Page 18 - September 2021 Issue
P. 18

Dealing With Parenting Problems After Divorce
Working with your child’s other parent to co-parent your kids is the most helpful thing you can do for them. After divorce, dealing with parenting problems can sometimes look complex, especially if you’re dealing with a problem ex who cannot move on. However, there are ways that you can guarantee that you are giving the best you can to help co-parenting and put your child in a loving and secure environment.
Keep the Lines of Communication Open
The kind of communication you need with your co-parent is more like a transaction than a family. However, it will help make things more pleasant and easier if you set a business-like tone for your relationship with your ex. Stay calm, talk casually, and don’t assign emotions to someone else. If it’s difficult to speak, set up a family calendar online that each has access to. Then everyone can enter necessary information and dates instantly.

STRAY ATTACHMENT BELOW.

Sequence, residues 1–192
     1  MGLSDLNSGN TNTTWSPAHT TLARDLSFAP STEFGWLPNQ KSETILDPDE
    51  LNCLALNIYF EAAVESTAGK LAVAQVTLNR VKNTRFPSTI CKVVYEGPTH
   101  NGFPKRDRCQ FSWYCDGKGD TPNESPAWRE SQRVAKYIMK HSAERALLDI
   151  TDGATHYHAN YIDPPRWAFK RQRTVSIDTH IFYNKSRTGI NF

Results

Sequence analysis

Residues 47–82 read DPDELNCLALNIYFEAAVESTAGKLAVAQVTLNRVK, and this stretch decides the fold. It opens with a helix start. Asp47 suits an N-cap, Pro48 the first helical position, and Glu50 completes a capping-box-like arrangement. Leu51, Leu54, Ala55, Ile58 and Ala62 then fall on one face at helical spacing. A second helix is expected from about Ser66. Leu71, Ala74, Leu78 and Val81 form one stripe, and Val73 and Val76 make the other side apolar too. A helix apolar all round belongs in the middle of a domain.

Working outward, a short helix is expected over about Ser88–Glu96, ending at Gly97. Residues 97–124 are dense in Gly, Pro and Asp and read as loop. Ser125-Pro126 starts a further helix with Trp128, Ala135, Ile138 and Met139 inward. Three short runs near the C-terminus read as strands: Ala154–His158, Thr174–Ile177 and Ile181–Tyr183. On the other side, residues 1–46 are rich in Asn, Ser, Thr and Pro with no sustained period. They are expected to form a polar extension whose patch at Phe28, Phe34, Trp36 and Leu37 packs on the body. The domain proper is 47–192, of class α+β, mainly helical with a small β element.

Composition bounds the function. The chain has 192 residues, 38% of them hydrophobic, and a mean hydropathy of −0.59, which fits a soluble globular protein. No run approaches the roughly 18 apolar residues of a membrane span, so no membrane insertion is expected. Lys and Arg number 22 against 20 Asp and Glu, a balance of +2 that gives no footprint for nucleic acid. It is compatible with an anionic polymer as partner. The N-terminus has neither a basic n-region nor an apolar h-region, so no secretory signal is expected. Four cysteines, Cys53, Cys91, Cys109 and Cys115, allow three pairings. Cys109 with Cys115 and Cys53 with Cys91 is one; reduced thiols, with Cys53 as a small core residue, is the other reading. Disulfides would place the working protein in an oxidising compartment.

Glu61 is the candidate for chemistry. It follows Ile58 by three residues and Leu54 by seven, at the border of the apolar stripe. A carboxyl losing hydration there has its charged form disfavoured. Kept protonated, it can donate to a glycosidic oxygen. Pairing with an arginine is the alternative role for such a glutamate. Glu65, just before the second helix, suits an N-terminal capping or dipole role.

Don’t Be Negative About Your Ex.
Never act negatively about your ex in the presence of the kids. Yes, it would help if you had someone to talk to but leave it in counseling or with your best friend. Never, ever let your children hear you say bad things about their other parents. They will either defend them, or they’ll protect you, and both are damaging.
Don’t Be Negative Around Your Ex.
When it comes to having to be around your ex, that can be challenging and emotional. Imagine you’re managing customer service at your favorite store, and don’t act unhappy or negative around your ex while the kids are there. Be kind, courteous, and even happy to help make everyone satisfied. Also, if they misbehave, remember you can only manage yourself.
Make It Easy for Both Parents to Be Involved
Don’t make it difficult for the other parent to be involved. It’s one thing if you’re dealing with an abuser, but if you’re not, and they’re 15 minutes late for pickup, don’t make it an issue. Be flexible and put the kids first. Even if they don’t do things the way you want them to, it’s not your place to tell them what’s important about their parenting.
  
























































































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